Jon Jones isn’t proud about how he has lived the past 15 months.
Whether it was the revelation of a positive cocaine test in January 2015 or the infamous hit-and-run case in April 2015 in Albuquerque, New Mexico, for which he was suspended indefinitely by the Ultimate Fighting Championship and stripped of his light heavyweight title, or multiple court appearances where his dirty laundry was aired, Jones was in the news for all the wrong reasons.
But the defining moment for the man widely considered the best mixed martial artist in the world — and possibly ever — came at home in the kitchen with his fiancee, Jessie, and their three daughters in May.
“The moment I realized I had to change was the night I watched Daniel Cormier and Anthony Johnson fight for my light heavyweight championship, and I saw DC walk away with it,” Jones said. “I was at home with my fiancee, and I thought, ‘Man, here I am, possibly one of the best fighters ever, and I’m here in my house without a belt and without a sponsor, just completely wasting talent. I should be in the arena in front of thousands of people and millions of viewers, but instead I’m in my kitchen watching with my family. That moment is what made me realize, ‘OK, Jon, you are ruining something very special.’ It’s time to pull your head out of your ass and do things right and really ace the rest of this story, the rest of this book.
“That’s what I’m going to do.”
The 28-year-old gets a chance to start writing his redemption story Saturday when he fight Ovince Saint Preux for the interim light heavyweight title in the main event of UFC 197 at the MGM Grand Garden. Saint Preux stepped in after Cormier suffered a leg injury and pulled out of the fight this month.
Jones, a minus-600 favorite tonight, said he never thought about removing himself from the card to wait for Cormier to get healthy.
“Over the last year, it’s been really tough to be a Jon Jones fan, for sure,” Jones said. “I haven’t made it easy. I had to do this for my fans.”
Throughout much of his career, Jones wrestled with living the life of a young, successful athlete who admits he could “party with the best of them,” while trying to portray a public image he thought would endear him to a more mainstream audience.
He was often accused of being fake when cameras were on, though his persona became less believable after a 2012 DUI charge and a nasty feud with Cormier.
Jones seems to be relieved now that so much of his private life has become public.
“He has said that 100 times in interviews that he feels the most free he has ever felt in his life,” said his longtime manager, Malki Kawa. “I think he worked very hard on protecting his private life, and he wanted to be the ultimate, consummate professional in public. I think he wanted to be that guy that everybody could look at. It was something everybody threw on him that he was going to be the mainstream guy. He was going to be the guy that would skyrocket to the moon and put the organization on his back to make it mainstream.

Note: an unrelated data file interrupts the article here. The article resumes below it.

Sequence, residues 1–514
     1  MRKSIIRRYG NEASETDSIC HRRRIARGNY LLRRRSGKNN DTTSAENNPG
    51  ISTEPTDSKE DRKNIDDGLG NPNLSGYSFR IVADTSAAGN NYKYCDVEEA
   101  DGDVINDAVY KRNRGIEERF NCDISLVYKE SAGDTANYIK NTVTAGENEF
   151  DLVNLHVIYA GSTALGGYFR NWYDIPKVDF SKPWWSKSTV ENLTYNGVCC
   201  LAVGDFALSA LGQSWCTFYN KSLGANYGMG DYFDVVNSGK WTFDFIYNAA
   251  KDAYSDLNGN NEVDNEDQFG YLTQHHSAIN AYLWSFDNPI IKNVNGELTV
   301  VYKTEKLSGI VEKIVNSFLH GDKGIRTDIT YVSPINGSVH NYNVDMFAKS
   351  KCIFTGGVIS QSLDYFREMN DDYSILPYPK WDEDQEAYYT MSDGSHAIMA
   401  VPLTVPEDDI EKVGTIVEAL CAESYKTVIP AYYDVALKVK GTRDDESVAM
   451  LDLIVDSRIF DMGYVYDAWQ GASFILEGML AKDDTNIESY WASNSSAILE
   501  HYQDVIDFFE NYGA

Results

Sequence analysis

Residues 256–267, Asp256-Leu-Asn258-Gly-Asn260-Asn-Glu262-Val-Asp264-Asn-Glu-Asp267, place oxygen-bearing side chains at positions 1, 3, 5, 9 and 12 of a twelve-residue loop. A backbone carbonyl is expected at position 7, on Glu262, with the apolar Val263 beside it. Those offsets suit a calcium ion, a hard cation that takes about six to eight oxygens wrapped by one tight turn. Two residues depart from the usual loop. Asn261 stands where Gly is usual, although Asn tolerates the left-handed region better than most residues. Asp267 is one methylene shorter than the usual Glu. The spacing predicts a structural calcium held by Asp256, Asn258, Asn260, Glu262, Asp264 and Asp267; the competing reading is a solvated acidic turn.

“So when that happens, a guy starts to think, ‘Hey, I’ve got to dress up in a suit. I’ve got to speak this way.’ I think that’s what it was. I think he was just embracing what people expected of him.”
Jones said he has been sober for seven months, which would make sense because he is on probation. It has given him plenty of time for introspection.
“The toughest part is just coming to the realization when it’s just you by yourself and looking in the mirror that, ‘God darn it, maybe I’m being a piece of (expletive),’” he said. “That moment when you really realize that I’m really messing up and ruining my life. I’ve been an (expletive) and just getting comfortable with that. Realizing that your piece of (expletive) qualities are making people around you suffer, and coming to that honest place in your life that you need to change. Those are the tough moments. It really makes you question who you are as a man. We all like to think of ourselves as good people, but I hit somebody in my car and took off running. That is a terrible thing to do.
“You take moments like that and accept them and promise yourself you’re going to be better than that. Now I have to prove it.”
He has proven himself in the cage. In 22 pro fights, his only setback was a controversial disqualification against Matt Hamill in 2009. His 12 straight wins have included eight consecutive title defenses.
Still, Jones says he can get better. He also insists he is done trying to play a character on camera.
“I have been my own worst enemy, but at the same time I’ve grown and I can’t really beat myself up for my past because it’s made me the guy I am today, so I’m grateful for my struggles,” he said. “I’ve made it through them and been able to grow a lot. After one of my fights, my fiancee’s mom told me adversity is the opportunity to grow, and I wasn’t growing for a while.
“Now I’m able to grow.”
That could be scary for the rest of the division, starting with Saint Preux.
The bout headlines a pay-per-view card at 7 p.m. that includes a flyweight title bout between champion Demetrious Johnson and Henry Cejudo. Four fights from the preliminary card will air live on Fox Sports 1 at 5 p.m., with the remaining bouts streaming live on UFC Fight Pass at 3:30.
Contact reporter Adam Hill at firstname.lastname@example.org or 702-224-5509. Follow him on Twitter: @adamhilllvrj